Ahead of the Canadian Grand Prix, motor racing’s governing body issued a Technical Directive (TD) to teams announcing its intention to help limit the amount of cars bouncing after driver complaints.
The FIA wanted to create an aerodynamic oscillation metric (AOM), which would help set a limit at which cars would be allowed to bounce up and down.
Once the metric is in place, then any team that exceeds the limit would be forced to increase their ride height to reduce the porpoising phenomenon.
Any team that refused to comply with the requirements and whose car continued to bounce risked being kicked out of a grand prix event as their challenger would be considered a “dangerous construct”.
The FIA began its data collection exercise at the Canadian Grand Prix, using an on-board accelerometer to try to better understand the behavior of the cars.
Following analysis of the data from Montreal and discussions since then with technical directors on the situation, the FIA has informed the teams that it plans to put a metric on the line for the French GP next month.
In an updated technical directive that has been published, it says teams will have two races to analyze the situation before the FIA imposes its restrictions.
A statement from the FIA said: “We have set a metric to monitor this – the update has been sent to teams to allow them to conduct their own analysis over the next two grands prix to understand what changes, if any. , they may need to implement to be compliant when the Technical Directive comes into force from the French Grand Prix.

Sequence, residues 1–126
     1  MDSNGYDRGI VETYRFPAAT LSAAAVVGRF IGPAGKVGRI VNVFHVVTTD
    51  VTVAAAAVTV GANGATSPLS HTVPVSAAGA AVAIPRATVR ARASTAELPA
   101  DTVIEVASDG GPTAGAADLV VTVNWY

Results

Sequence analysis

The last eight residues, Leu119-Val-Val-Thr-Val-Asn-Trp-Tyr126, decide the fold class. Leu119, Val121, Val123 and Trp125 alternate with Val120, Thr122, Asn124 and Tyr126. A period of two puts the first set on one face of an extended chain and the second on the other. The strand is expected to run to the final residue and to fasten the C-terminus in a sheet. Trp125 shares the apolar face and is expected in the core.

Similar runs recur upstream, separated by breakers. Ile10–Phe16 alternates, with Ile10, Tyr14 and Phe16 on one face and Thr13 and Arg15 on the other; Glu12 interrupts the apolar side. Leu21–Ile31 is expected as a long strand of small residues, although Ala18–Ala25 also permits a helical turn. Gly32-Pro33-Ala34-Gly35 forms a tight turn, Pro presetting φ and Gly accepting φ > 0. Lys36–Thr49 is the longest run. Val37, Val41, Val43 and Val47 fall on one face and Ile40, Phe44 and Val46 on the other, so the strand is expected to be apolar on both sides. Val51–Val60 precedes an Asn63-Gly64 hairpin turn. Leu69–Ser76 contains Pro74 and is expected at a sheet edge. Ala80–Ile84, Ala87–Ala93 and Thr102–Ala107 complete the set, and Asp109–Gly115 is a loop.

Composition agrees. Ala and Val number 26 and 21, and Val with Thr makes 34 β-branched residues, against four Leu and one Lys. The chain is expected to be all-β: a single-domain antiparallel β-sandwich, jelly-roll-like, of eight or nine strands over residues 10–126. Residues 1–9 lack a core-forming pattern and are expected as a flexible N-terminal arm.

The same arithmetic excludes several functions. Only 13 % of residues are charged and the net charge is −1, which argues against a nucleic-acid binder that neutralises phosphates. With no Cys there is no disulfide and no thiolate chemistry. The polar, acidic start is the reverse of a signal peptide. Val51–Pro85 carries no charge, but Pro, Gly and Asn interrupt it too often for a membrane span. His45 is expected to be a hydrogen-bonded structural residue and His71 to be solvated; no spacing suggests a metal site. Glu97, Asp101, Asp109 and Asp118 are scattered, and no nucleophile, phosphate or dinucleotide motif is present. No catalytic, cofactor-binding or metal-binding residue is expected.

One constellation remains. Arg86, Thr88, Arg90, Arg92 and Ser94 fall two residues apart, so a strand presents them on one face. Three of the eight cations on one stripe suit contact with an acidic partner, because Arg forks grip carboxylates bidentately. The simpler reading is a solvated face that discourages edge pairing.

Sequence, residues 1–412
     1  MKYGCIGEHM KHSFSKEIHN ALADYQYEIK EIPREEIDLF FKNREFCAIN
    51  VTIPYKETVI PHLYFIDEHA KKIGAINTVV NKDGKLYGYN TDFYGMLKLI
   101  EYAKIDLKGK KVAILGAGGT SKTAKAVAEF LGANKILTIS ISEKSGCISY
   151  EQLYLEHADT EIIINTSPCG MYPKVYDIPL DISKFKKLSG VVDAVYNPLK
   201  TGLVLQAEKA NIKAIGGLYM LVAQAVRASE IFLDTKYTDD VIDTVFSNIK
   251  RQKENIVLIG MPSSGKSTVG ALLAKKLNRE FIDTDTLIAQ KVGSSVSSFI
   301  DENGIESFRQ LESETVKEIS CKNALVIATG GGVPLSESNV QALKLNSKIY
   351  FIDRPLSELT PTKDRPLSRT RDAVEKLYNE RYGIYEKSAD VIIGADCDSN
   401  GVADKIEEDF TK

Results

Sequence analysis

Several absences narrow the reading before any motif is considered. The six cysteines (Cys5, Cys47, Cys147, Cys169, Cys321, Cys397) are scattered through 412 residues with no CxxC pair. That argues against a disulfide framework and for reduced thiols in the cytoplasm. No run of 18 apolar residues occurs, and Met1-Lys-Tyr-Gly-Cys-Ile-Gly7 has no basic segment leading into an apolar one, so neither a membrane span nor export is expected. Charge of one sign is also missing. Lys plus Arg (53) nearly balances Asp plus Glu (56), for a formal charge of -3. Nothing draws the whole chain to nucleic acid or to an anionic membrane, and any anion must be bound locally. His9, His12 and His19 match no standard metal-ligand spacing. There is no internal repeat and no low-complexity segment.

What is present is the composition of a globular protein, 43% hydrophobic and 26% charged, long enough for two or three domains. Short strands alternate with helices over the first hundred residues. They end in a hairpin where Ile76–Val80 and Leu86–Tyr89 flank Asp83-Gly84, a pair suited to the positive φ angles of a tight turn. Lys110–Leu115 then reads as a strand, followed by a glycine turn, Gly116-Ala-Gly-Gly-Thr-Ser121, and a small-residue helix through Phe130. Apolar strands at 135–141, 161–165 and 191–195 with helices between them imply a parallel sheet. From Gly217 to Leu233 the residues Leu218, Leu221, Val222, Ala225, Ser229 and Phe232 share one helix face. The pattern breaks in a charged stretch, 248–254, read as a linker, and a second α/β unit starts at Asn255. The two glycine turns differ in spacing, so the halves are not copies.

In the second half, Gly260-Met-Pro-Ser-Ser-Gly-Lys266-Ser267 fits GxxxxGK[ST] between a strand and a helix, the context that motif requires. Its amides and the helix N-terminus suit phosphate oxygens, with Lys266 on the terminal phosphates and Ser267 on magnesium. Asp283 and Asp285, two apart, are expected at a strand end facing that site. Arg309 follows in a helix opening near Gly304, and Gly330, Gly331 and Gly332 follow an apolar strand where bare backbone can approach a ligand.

The FIA has also set updated parameters for board wear and skid stiffness, which go hand-in-hand with the metric.
Lewis Hamilton, Mercedes W13
Photo by: Andrew Ferraro/ Motorsport pictures
Second past stay
One of the most controversial aspects of pre-Canada TD was the green light given to teams to add a second stay and strengthen their floor.
This sparked complaints from some teams that it was a breach of FIA protocols, as the TDs do not have the power to change the regulations.
Additionally, the way Mercedes was so quickly able to add a second stint for Friday testing in Canada raised concerns that the German manufacturer was given advance notice of the FIA’s intentions.
Mercedes scrapped the second spell for Saturday in Canada after feeling it had failed to make a step forward in form, and there was a growing threat of protest from rival teams.
Although there was the option for the FIA to fast-track the granting of a second reprieve in the regulations for the race at Silverstone this weekend, it chose not to go that route.
Instead, no additional provisions will be given to teams to help them try to get rid of the porpoising issues they have been facing.
Not all teams felt the FIA should step in and get involved with the porpoising issue in the first place.
Alfa Romeo ground engineering manager Xevi Pujolar said: “If we want to, we could also bounce back.
“It depends where you choose to run [the car]. If we want to bounce like a kangaroo, we can do that too. But we just choose to stay out of it: not only for driver comfort, but also to avoid damage to the car. I don’t see any effect on our performance with this.